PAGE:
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City hall lights up in brilliant colours to mark partnership to help those with a deadly disease

PUBLISHED: 22:03 21 June 2017 | UPDATED: 23:00 21 June 2017

Sue Heal, far right, and Norwich City Council leader Alan Waters at Norwich City Hall for the lighting, in recognition of the Motor Neurone Disease Charter. Picture: Stuart Anderson

Sue Heal, far right, and Norwich City Council leader Alan Waters at Norwich City Hall for the lighting, in recognition of the Motor Neurone Disease Charter. Picture: Stuart Anderson

Archant

The facade of Norwich City Hall has come alive in bold blue and brilliant orange in recognition of a growing awareness of a debilitating disease.

Norwich City Hall lit up in recognition of the Motor Neurone Disease Charter. Picture: Sue Heal Norwich City Hall lit up in recognition of the Motor Neurone Disease Charter. Picture: Sue Heal

The hall was lit up in the campaign colours of the Motor Neurone Disease (MND) Association at 8pm this evening (Wednesday, June 21) to mark Norwich City Council’s recent adoption of an MND charter.

It is hoped the move will help improve the lives of people in Norfolk with MND and those that care for them.

Alan Waters, leader of Norwich City Council, said he was optimistic the adoption of the charter would help people with MND.

He said: “There are lots of opportunities for us to advocate to improve our services.

“It’s good for us to understand the practicalities of this condition, and what we can do to shape our services.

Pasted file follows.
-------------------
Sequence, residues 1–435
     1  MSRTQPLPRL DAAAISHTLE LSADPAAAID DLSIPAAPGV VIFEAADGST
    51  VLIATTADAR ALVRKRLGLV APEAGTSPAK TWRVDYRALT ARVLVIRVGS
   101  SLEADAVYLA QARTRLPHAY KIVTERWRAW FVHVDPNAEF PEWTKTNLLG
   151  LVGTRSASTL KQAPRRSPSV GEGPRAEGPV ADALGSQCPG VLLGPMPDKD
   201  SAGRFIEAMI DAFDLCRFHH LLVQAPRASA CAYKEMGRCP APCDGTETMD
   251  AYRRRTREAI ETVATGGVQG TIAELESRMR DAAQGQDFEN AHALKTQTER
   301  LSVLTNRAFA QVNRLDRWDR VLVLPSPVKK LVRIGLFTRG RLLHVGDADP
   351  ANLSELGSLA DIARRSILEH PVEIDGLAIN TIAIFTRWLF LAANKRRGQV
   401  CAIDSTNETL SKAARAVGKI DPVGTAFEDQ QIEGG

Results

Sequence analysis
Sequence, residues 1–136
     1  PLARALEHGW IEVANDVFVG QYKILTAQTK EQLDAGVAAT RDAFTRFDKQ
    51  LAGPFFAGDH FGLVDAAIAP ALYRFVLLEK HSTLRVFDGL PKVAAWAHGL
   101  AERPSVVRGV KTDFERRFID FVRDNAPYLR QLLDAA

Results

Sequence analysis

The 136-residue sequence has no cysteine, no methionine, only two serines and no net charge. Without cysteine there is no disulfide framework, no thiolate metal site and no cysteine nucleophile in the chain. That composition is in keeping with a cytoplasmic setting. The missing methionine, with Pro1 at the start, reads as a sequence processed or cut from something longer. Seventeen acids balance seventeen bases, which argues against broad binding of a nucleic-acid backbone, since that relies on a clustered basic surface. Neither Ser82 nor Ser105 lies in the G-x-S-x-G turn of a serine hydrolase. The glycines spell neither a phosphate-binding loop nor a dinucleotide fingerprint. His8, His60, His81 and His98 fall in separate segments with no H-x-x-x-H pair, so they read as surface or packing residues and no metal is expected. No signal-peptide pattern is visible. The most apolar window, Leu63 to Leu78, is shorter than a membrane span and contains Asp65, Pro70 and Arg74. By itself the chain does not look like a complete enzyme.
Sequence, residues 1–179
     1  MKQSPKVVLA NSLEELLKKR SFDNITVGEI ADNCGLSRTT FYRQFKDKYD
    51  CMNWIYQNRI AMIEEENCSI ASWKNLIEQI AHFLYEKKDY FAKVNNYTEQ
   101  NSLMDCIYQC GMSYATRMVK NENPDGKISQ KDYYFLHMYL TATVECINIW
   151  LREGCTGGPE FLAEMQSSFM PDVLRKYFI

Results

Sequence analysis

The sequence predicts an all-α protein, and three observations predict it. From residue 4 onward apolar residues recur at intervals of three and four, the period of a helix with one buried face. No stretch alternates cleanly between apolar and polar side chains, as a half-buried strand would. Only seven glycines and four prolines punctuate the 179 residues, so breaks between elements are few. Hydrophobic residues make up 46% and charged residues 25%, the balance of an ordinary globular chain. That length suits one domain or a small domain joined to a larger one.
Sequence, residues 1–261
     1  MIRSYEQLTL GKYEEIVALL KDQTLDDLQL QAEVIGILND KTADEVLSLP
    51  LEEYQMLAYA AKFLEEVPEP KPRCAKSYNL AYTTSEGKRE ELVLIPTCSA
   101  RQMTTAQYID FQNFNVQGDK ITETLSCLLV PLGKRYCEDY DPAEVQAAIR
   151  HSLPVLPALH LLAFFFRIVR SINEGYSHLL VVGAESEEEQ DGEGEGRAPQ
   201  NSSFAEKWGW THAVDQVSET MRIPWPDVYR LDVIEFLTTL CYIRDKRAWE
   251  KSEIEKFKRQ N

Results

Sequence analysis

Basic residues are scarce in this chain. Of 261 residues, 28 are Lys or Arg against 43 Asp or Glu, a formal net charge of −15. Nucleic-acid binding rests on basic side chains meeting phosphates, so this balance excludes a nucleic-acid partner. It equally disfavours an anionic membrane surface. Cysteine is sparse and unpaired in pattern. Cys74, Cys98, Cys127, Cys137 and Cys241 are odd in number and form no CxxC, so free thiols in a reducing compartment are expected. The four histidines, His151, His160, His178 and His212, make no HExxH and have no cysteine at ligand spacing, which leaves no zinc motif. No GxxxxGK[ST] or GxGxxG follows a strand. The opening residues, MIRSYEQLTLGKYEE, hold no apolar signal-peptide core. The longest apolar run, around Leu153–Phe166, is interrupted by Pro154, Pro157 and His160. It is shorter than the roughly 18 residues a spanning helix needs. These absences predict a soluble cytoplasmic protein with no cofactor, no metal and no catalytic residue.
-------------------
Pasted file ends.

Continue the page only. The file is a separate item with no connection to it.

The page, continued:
“It also gives us the opportunity to act as advocates and provide publicity.”

Sue Heal, from Wymondham, who campaigned for the council to adopt the charter, said: “I’m absolutely delighted that we’ve got this support.

“I think it’s about looking at if can we give a red flag or perhaps a fast track for people with motor neurone disease because the condition progresses so rapidly and is so varied in the way it affects people. It’s a matter of being proactive and seeing what their needs might be just around the corner.”

Mrs Heal’s husband Jim died from MND in 2012. She said she hoped the new partnership would help others in a similar situation to what her family went through.

READ MORE: Campaign to have Norfolk County Council adopt motor neurone disease charter is launched

READ MORE: City hall to turn orange and blue in recognition of Motor Neurone Disease

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